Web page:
Bringing Nutrition to Your Office Setting, One Bite at a Time
November 26, 2013
by Aarti Arora, MPH, RD
A couple of years ago, a U.S. study found that office snacks can account for a seven-pound weight gain per year. A 2012 British study found that 42 percent of U.K. office workers gained up to 14 pounds from office snacks. Thinking through all the other work-related occasions we attend and participate in such as meetings, conferences, evening receptions, networking events, and traveling for work, chances are that other professional activities are potentially causing Americans to pack on more pounds beyond the office candy dish.
Here are 10 tips to incorporate indulgent-looking and delicious tasting nutrition into your corporate activities – without tipping the scale:
- Power up with Protein: Make protein be front and center at meetings and functions. For example, replace carb- and sugar-heavy breakfast pastries with egg whites and vegetable breakfast burritos to ensure your participants are fully focused.
- Keep it Interesting: Help break the perception of healthy food being boring. Explore different catering options – or challenge your current caterer – to experiment with interesting flavors to keep both nutrition and taste top of mind. Some examples include a miso-glazed salmon with jicama cabbage slaw or Moroccan chicken tagine.
- Bring Vegetables to Dessert: Utilize the 2014 trend prediction of adding vegetables to desserts. Vegetables can play a variety of roles whether it is providing moisture, helping to replace added sugar, and/or adding fiber. Some examples are pumpkin muffins topped with avocado buttercream, cucumber cakes, and zucchini cookies.
- Recipe Swap: If the restaurant or catering company you work with does not have menus that meet your criteria, you can ask them to trim the fat and calories by switching to lean cuts of meat, using low-fat milk in place of cream, and swapping rich dessert toppings with berries. Often you can find venues and catering companies who are willing to cook from recipes you supply to them.
- Make it about the Experience: Tableside food preparations are another forecasted trend for the New Year. For an evening dinner, make the focus on the experience by choosing a restaurant that provides tableside preparations such as Caesar salads with your choice of grilled chicken, shrimp, or mushrooms.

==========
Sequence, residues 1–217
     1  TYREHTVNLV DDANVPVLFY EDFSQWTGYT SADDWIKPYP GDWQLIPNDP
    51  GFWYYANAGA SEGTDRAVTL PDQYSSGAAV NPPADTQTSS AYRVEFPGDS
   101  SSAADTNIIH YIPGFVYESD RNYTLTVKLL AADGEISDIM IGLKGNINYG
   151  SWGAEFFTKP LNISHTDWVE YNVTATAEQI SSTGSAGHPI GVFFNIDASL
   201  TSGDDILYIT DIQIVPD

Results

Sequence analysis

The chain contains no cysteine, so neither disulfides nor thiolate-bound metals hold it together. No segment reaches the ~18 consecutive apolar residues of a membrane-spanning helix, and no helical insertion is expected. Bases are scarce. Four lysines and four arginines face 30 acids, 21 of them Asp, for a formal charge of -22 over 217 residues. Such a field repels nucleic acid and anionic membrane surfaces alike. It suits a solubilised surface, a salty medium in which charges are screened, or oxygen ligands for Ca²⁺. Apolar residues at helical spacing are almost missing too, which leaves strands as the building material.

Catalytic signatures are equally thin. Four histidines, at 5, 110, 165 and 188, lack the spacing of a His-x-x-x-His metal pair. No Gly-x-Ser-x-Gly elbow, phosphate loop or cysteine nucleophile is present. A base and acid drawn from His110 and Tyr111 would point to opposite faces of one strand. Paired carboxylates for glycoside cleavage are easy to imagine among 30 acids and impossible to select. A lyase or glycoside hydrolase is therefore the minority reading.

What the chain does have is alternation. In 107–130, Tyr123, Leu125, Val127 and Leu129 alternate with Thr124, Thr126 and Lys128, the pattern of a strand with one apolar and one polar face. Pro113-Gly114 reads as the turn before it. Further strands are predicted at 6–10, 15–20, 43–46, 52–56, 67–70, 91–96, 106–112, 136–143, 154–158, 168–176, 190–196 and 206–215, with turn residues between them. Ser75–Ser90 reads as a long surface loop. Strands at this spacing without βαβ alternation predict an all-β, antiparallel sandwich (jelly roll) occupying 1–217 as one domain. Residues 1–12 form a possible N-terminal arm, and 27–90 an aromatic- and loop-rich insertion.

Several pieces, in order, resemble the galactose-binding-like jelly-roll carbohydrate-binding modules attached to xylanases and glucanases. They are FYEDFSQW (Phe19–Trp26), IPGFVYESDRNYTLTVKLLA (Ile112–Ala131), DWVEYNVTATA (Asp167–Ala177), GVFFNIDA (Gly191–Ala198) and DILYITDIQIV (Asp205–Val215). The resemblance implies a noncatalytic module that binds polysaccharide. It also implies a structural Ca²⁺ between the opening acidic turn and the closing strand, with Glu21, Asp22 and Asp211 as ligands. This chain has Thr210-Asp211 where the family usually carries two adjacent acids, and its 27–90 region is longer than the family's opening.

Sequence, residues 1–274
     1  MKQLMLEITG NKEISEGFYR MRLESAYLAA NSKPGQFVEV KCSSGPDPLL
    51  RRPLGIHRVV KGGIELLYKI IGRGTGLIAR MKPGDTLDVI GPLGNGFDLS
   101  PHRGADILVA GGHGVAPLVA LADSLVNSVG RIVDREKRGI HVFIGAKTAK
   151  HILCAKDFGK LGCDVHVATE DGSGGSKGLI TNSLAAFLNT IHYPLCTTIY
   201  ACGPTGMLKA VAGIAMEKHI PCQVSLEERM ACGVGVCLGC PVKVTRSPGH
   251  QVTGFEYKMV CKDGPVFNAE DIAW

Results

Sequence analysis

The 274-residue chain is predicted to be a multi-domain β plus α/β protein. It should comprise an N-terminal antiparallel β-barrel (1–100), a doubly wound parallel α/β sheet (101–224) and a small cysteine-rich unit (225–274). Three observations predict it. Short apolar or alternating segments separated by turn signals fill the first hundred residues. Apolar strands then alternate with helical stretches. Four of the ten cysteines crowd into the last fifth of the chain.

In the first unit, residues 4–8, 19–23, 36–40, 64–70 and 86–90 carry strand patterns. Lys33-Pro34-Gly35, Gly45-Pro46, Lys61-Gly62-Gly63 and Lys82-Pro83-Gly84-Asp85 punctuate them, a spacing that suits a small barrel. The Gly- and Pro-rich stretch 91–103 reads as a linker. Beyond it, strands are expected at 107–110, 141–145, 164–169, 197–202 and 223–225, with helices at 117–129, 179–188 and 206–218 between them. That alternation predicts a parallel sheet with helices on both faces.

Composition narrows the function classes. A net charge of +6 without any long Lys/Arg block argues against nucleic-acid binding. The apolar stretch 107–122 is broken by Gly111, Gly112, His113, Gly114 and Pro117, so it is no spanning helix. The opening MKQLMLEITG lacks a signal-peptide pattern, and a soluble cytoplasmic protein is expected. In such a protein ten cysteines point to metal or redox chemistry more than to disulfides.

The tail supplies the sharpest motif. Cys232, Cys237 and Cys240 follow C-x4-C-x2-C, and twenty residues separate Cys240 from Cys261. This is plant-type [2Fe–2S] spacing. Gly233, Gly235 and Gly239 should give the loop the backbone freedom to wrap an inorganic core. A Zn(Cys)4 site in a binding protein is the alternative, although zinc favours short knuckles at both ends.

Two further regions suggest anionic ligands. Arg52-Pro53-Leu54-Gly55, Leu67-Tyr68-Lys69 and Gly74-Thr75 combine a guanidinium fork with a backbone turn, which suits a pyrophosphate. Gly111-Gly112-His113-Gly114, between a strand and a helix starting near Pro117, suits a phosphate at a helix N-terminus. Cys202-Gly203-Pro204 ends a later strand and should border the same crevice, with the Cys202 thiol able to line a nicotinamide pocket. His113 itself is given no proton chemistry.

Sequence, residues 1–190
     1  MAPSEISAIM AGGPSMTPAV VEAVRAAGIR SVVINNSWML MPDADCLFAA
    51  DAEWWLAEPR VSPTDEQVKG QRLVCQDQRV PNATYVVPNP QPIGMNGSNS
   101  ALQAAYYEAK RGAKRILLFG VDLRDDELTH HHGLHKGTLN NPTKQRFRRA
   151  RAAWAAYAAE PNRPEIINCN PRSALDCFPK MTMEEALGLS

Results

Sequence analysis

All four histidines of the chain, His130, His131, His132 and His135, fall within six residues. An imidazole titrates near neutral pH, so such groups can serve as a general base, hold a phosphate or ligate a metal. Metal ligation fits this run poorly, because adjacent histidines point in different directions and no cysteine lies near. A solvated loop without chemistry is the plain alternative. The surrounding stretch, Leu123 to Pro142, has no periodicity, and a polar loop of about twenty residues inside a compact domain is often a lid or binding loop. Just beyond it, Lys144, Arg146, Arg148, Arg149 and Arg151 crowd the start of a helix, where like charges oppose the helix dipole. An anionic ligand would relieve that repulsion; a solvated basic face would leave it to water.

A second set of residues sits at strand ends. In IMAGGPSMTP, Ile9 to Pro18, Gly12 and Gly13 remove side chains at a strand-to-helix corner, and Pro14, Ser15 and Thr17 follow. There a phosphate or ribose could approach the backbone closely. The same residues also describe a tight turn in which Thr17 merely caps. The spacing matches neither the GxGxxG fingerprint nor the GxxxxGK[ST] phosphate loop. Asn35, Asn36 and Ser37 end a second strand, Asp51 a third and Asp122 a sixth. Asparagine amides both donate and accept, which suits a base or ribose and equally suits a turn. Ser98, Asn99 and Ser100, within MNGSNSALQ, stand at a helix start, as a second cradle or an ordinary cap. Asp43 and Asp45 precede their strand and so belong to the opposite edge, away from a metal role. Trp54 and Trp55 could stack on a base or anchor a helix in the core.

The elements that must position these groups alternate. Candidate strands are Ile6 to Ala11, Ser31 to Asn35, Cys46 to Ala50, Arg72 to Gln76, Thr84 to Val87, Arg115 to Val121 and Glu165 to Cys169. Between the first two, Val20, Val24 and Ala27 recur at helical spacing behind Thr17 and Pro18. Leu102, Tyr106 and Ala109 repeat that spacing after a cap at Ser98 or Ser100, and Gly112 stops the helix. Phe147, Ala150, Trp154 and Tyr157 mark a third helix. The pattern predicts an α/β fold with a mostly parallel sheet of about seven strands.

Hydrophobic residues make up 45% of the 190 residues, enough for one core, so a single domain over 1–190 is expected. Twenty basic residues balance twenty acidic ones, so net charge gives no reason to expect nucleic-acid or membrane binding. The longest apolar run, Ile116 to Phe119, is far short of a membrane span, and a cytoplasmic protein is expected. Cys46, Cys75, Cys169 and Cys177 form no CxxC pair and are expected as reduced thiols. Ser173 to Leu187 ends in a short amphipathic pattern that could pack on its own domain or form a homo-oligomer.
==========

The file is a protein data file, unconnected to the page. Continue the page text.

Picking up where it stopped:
- Flavor Fuels Fullness: Research shows that packing in flavor helps generate fullness. Again, ensure the foods tantalize the taste buds, such as topping appetizers or entrees with complementing nuts, seeds, edamame, or oats to add texture. Or leverage the 2014 predicted trend of serving foods and drinks in “flights” by offering an appetizer flight of three different gazpacho “shots” topped with savory and spicy baked croutons.
- Creative Crudités: Always a welcome appetizer, get creative by offering different takes on this traditional raw vegetable platter with versions including uncommon vegetables like snap peas or lightly grilled asparagus and roasted eggplant. I have also seen trays presented as small gardens using mini shovels to dig out your selections (the “dirt” being a mix of edible dark vegetables, breadcrumbs, and puffed rice).
- Make Each Bite Count: Think through how each bite can count. For example, serve salsa and guacamole with baked chips made from beans or lentils, or pair cheeses with my personal favorites, broccoli and cauliflower stems, instead of crispy crackers.
- Slim & Trim: Attending meetings or evening work events, we anticipate receiving treats. Keep the treats on the table in more reasonable portion sizes, such as mini macaroons and small cans of soda; if you can swap out the soda for cans of naturally-flavored mineral water, even better. Bite-sized Baked Alaska presented on individual serving spoons were a big hit at a recent hotel anniversary party I attended.
- Presentation is Key: Adding a variety of color to your plate helps ensure we are getting a variety of nutrients; it also makes what we eat look more appetizing. Ensure that appetizers and entrees are generously garnished (or ideally loaded) with vegetables, and add seasonal fruits to desserts and cocktails in clever ways.
Making these simple shifts will not only be better for the body, but also the mind, as better brain food will help your colleagues, employees, and audience be more productive, energized, and engaged.
Aarti Arora, MPH, RD is a registered dietitian with 13 years experience in consumer food and drink public relations and event planning. Her current and past clients include food companies, commodity groups, restaurants, and health associations where she develops communications program, manages media campaigns and new product launches, and conducts nutrition marketing. Please visit Aarti’s website to learn more.